I’m here to talk to y’all today about my exam week binge-read, and I’m lucky enough to be able to host a tour stop for it! Without further ado, here’s the book.
Novel: Sanctuary Bay by Laura J. Burns and Melinda Metz | Goodreads
Publisher: St. Martin’s Press
In this genre-bending YA thriller, will Sarah Merson’s shiny new prep school change her life forever or bring it to a dark and sinister end?
When Sarah Merson receives the opportunity of a lifetime to attend the most elite prep school in the country-Sanctuary Bay Academy-it seems almost too good to be true. But, after years of bouncing from foster home to foster home, escaping to its tranquil setting, nestled deep in Swans Island, couldn’t sound more appealing. Swiftly thrown into a world of privilege and secrets, Sarah quickly realizes finding herself noticed by class charmer, Nate, as well as her roommate’s dangerously attentive boyfriend, Ethan, are the least of her worries. When her roommate suddenly goes missing, she finds herself in a race against time, not only to find her, but to save herself and discover the dark truth behind Sanctuary Bay’s glossy reputation.
In this genre-bending YA thriller, Sanctuary Bay by Laura J. Burns and Melinda Metz, Sarah’s new school may seem like an idyllic temple of learning, but as she unearths years of terrifying history and manipulation, she discovers this “school” is something much more sinister.
My identical twin sister stole this from me to read the day before her calc exam, assuming she’d take a bit of a break from studying and get some reading in. Unfortunately for her, she ended up staying up until one A.M. to finish it, thus ensuring she was significantly sleep-deprived for her exam. (She still got an A; why those math skills didn’t transfer to me, I’ll never know.) Hannah’s usually pretty conservative with her book reactions; while I’m crying over an ending or freaking out about two characters kissing for the first time, she’ll cavalierly sidle over to me and say “oh, I liked that one” and say nothing further on the subject. That’s a shining recommendation to me that she loved this enough to really obsess over it.
So when I settled in to read it, I had ridiculously high expectations. I’ve been fond of thrillers lately, becuase I want a book that’ll really surprise me. Admittedly, I was a little nervous when I saw it was in third person, simply because I usually connect more to thrillers told in first. Luckily, I found a lot of what I was looking for in Sanctuary Bay.
Sanctuary Bay starts out with quite the hook: Sarah witnessing her parents’ murders as a child. It then fast-forwards to her being shuttled out of foster care and onto an elite and remote island school known for turning out big names in business, politics, and other fields. While she deals with the inevitable confusion of understanding where she fits in among her peers and her new environment, she stumbles across something much greater while in seclusion. Then, the real story begins.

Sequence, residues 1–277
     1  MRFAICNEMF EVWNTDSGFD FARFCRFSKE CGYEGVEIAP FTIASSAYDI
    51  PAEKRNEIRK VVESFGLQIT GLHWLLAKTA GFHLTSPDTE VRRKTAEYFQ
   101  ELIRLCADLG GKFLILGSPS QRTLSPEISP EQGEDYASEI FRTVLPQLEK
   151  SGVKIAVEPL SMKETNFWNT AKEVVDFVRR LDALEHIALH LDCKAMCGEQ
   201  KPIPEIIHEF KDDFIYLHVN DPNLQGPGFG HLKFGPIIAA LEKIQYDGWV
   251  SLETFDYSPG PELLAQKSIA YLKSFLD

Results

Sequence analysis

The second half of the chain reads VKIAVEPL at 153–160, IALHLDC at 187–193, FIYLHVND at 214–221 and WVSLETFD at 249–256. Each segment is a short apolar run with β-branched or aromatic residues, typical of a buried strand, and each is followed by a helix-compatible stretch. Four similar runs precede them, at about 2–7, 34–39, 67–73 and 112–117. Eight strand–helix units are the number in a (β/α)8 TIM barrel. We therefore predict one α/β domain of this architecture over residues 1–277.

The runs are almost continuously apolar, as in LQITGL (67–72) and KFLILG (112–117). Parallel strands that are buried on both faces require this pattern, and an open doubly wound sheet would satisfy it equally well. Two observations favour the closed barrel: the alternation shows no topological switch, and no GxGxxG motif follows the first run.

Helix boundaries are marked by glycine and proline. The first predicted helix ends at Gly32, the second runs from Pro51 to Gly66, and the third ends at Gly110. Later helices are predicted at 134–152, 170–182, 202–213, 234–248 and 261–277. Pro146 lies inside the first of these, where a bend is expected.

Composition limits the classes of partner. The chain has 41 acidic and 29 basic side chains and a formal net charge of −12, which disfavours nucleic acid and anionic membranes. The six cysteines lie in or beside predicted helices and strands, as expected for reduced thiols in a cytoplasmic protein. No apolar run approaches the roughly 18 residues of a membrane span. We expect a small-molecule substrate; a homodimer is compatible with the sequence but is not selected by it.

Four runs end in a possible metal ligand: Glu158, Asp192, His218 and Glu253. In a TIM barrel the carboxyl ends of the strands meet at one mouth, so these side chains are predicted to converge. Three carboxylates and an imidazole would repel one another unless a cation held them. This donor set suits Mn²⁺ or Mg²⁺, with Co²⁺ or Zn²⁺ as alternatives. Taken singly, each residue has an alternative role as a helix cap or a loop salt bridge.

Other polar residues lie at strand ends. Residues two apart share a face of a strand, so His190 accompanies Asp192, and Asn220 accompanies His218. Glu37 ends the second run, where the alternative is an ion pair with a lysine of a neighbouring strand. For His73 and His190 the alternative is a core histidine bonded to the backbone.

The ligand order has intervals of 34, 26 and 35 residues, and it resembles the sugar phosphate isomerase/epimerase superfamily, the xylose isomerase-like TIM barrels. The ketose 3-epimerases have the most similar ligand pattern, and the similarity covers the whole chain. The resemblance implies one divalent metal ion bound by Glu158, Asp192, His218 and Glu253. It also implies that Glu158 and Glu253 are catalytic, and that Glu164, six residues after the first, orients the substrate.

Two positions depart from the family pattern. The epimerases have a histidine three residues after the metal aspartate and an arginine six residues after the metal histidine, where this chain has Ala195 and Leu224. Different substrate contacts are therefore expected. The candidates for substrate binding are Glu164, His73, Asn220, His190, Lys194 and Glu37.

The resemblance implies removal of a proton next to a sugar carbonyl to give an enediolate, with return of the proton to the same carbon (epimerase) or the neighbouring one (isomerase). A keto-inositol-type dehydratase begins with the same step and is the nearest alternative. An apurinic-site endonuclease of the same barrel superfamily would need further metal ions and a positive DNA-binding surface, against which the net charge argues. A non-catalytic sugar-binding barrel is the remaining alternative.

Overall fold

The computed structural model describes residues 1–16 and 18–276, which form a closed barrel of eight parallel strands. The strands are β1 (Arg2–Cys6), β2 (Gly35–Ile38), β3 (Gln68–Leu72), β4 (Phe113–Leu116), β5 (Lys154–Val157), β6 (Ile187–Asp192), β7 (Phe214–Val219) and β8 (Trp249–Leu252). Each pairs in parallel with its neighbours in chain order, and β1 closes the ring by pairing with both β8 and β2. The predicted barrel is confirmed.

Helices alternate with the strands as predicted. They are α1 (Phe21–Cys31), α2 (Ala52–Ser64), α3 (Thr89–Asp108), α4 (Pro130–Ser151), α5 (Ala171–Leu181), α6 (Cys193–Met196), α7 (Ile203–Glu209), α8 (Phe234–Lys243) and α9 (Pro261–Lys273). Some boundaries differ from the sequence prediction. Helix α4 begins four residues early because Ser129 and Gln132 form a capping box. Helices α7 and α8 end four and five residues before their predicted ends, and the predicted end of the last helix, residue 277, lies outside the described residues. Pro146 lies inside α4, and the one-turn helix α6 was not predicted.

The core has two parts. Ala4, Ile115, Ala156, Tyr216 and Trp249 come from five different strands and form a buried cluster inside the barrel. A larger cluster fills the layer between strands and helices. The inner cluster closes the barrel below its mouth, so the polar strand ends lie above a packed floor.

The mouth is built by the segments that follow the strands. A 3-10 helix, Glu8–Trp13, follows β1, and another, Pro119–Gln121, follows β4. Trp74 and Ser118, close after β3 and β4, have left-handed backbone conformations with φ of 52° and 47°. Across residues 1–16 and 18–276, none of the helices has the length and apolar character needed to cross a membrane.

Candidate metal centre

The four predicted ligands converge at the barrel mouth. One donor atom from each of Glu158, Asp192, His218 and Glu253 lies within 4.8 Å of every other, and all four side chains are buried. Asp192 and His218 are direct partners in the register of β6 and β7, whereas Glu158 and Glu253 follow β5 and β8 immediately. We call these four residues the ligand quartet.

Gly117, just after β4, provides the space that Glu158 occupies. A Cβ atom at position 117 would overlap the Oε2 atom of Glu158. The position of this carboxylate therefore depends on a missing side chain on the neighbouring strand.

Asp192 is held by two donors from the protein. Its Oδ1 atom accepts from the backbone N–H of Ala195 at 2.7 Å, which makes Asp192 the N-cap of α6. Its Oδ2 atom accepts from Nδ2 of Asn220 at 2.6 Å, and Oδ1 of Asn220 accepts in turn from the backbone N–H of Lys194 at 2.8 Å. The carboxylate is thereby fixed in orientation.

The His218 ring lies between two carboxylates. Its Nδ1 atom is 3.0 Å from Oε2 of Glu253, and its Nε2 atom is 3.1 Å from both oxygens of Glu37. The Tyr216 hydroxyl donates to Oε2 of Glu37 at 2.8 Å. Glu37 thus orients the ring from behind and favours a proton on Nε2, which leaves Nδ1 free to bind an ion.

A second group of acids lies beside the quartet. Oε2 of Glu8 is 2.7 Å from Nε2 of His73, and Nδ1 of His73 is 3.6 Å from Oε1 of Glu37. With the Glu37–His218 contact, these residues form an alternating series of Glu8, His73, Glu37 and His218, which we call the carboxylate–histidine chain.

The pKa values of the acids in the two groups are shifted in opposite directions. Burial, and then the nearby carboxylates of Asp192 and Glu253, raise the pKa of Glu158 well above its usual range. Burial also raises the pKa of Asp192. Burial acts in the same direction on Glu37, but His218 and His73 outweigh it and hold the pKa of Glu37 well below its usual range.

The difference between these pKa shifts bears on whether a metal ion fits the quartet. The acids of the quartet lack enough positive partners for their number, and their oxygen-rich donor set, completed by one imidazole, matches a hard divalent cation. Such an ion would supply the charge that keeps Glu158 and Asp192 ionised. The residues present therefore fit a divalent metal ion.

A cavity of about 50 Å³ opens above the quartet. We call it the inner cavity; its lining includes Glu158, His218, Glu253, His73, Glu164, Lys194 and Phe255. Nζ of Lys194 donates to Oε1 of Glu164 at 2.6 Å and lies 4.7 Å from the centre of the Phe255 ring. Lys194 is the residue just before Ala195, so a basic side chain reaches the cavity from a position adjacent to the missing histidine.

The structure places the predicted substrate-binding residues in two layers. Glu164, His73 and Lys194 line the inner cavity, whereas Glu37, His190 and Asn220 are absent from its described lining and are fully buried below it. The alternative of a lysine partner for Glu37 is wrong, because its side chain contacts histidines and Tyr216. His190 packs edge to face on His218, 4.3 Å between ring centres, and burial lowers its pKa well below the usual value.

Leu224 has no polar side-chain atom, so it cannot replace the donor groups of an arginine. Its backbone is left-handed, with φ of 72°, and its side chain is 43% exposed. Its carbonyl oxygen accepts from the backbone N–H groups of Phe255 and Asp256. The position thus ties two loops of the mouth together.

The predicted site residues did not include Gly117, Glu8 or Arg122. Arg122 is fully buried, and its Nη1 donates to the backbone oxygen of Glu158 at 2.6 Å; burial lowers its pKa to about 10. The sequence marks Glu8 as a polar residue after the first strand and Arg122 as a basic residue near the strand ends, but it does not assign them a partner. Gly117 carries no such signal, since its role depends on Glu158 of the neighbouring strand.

Sarah’s exposure to her new environment was conveyed in a way that was both eerie and satisfying, setting up a tightly-wound and climatic ending. It feels atmospheric but also rooted in foundational details that give it a lot more legitimacy. It’s that process that really made it a successsful thriller, both upturning my assumptions and making me undoubtedly emotional. While I didn’t particularly feel like I connected to the characters well – Sarah could be a little singularly-focused in a way that I didn’t quite relate to or believe to be as developed – I did thoroughly enjoy the plot. Plus, I loved that she was into science. I think girls need to see more of that in YA, although I’m not particularly STEM-oriented myself.
The genre-bending aspect of the plot was also a pleasant triumph. I know my reading style well enough to know that magical realism and genre-bending stories are ones that I gravitate towards, and this was no different. It actually reminded me a lot of Variant by Robison Wells, which I remember absolutely stunning me. Psychologically, the riveting nature of Sanctuary Bay and the plot within it are well-done. It could be…dark at times which I wasn’t particularly expecting either, but I still enjoyed it.